What Happened Next….

Well, it’s been a while since I posted anything. Mostly because I really wasn’t up to writing anything.

During the night my cannula stopped working and they had to move the drip from the back of my left hand into my right arm. Even then, at first, it was a bit temperamental and I had to lay with my arm out straight (not exactly the most comfortable position) so the alarm wouldn’t go off, until I worked out how to move my arm very slowly into a more comfortable position, that didn’t stop the drip from working.

I was woken early in the morning on the day of my surgery to get ready. I had been nil by mouth since 10pm the night before. A little after 7am they came to take me down for the operation. I was in the anesthetic bay and there was a bit of a delay. I wasn’t sure how long I was there (not wearing a watch, of course). Then they came in to tell me that there had been some sort of miscommunication. I had been scheduled for the 7:30am slot. But then the night before, they had word that an emergency patient was to be admitted and they were given the 7:30am slot, and I was to be pushed back to the 1:30pm slot later in the day. But then the emergency case was cancelled, so I was put back onto the 7:30am slot. One small problem. No one told my surgeon or anesthetist that my surgery had been put back onto the early slot! So I was sent back up to the ward, still nil by mouth. I wasn’t actually operated on until 3:30pm.

It was just as well that it was delayed, because one of the brethren from Church was able to come to visit me before the surgery. He arrived after the morning visiting hours had finished, but they allowed him to stay with me until I was taken down to surgery. He was able to give me a priesthood blessing before I was taken downstairs (again).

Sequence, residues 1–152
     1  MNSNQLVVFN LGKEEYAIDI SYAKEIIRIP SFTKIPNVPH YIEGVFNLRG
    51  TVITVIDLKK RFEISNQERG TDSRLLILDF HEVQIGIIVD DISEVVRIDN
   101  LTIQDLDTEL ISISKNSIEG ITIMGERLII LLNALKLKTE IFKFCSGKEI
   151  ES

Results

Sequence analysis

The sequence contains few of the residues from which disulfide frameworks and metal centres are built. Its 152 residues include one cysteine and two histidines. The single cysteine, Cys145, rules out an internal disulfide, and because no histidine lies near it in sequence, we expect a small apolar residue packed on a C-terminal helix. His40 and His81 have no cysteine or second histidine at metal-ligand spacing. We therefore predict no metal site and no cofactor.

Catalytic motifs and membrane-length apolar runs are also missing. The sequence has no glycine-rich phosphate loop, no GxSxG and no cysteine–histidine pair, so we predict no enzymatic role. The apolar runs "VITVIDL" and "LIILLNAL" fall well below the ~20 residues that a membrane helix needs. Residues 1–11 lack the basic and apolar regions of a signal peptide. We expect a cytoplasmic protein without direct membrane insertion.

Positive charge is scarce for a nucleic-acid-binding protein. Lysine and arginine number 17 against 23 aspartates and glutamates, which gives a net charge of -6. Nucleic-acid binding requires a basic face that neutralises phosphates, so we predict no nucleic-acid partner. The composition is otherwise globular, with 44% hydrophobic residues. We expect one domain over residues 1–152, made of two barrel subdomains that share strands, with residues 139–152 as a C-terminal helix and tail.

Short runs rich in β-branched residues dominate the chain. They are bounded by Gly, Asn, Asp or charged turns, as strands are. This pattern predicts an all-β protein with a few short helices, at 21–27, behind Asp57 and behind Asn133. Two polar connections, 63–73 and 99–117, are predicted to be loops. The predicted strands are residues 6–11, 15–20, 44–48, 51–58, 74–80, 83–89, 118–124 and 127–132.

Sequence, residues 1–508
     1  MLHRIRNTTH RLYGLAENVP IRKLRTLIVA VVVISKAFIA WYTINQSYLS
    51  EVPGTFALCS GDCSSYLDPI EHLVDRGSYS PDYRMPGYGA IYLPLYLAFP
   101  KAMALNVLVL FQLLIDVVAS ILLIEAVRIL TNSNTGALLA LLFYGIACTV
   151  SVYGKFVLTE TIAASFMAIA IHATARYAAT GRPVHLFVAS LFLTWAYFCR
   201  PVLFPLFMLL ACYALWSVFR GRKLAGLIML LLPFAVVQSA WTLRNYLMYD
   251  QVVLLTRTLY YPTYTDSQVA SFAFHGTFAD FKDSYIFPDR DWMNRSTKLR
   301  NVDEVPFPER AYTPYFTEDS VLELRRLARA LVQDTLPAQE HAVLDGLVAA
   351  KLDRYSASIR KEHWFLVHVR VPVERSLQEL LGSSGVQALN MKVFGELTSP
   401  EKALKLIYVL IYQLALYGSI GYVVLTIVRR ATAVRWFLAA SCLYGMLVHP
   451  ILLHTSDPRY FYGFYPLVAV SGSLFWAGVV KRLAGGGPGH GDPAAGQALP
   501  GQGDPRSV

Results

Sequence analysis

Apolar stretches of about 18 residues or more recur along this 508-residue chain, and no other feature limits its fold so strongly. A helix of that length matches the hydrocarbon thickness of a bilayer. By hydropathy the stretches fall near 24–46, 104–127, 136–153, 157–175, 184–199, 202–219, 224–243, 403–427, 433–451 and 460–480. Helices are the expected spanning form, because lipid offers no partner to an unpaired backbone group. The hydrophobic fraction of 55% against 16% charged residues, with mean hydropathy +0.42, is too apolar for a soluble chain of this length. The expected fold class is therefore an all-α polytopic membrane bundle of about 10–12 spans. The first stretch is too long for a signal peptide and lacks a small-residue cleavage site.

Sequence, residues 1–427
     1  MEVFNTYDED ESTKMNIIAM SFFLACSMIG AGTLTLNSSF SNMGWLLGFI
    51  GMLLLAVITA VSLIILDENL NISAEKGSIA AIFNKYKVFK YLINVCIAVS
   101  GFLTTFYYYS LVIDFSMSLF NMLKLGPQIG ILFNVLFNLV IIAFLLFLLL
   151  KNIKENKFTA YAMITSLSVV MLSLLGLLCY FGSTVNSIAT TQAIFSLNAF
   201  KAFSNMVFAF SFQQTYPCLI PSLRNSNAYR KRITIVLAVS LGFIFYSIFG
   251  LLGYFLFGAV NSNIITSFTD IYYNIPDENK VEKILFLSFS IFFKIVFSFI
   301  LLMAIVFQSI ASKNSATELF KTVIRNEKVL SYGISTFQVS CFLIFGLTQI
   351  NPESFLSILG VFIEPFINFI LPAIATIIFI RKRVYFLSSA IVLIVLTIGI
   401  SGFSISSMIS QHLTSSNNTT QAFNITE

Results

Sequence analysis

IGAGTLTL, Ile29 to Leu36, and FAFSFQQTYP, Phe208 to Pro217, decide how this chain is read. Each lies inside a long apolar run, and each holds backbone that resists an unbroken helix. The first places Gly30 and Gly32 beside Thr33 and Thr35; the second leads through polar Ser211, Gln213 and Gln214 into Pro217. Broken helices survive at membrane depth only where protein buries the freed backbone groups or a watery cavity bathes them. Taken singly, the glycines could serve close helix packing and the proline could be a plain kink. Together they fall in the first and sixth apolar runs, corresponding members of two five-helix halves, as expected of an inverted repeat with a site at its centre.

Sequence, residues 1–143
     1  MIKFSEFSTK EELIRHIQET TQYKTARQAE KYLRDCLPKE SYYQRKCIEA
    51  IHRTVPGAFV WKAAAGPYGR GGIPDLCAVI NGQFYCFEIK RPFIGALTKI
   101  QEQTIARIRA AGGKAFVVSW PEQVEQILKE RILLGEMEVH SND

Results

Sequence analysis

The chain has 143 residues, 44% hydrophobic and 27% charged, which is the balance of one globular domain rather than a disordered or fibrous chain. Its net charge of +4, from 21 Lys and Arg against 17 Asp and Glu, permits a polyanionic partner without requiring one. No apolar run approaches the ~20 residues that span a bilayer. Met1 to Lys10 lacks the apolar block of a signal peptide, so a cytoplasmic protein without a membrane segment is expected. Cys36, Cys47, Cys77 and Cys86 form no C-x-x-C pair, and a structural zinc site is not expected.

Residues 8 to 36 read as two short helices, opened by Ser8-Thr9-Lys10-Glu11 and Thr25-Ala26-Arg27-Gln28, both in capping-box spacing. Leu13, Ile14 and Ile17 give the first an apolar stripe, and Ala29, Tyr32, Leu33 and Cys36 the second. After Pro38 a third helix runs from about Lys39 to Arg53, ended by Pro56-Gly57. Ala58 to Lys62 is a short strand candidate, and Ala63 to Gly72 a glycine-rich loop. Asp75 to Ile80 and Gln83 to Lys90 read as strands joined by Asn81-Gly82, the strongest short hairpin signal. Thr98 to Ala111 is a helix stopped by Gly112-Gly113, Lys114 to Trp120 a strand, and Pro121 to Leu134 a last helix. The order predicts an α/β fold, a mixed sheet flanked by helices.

The next thing I knew it was dark and I was in the ICU ward. The bed I was in, had a direct line of sight to the clock at the Nurses’ Station. Even in the dark, I could see the clock clearly and knew what time it was. I would wake up and then go back to sleep for an hour or two. I was in a fair amount of pain, but I wouldn’t press the button for the pain relief as often as I should have done. I would make myself wait an hour. In pain the whole time. I got told off for that by the physio in the morning. The physio got me out of bed in the morning and made me walk around the ICU ward. Just once. She was pleased with the speed at which I was walking. I used the IV stand just to steady me as I walked, but not to lean on. They put me into a standard bed when I came back to my bay, ready to go back up to the ward. The difference between the two beds is that the ICU beds move. The bed would sort of move in a wave motion every so often. I also had these cuffs on my lower legs, that massaged my legs in a particular rhythm. They put the cuffs back on when they put me into the regular bed. We also worked out that the regular bed could bend at the knees…. This was great because the night before my operation, I kept feeling like I was sliding down the bed and if it hadn’t been for the sturdy foot at the bottom of the bed, I would have slid right off. By bending the bed at the knees, It stopped me feeling like I was sliding down the bed. Getting in and out of the bed was really painful. The stomach muscles hurt. A lot. The walking wasn’t too bad, although I couldn’t stand up straight. I was taken back up to the ward about 11am. I slept on and off most of the next day or so. I did get up and walk a few times, but it was a bit difficult to just get up and go because I was not only tethered to the IV, but to other things. I also had to stay in a hospital gown until Sunday. This meant I needed to have an extra gown, put on in reverse, to cover me when I went for my walks. Once I was released from everything except the IV, I was able to shower and put on my own clothes and felt a lot better. Even able to go for a walk without needing to ask anyone for help.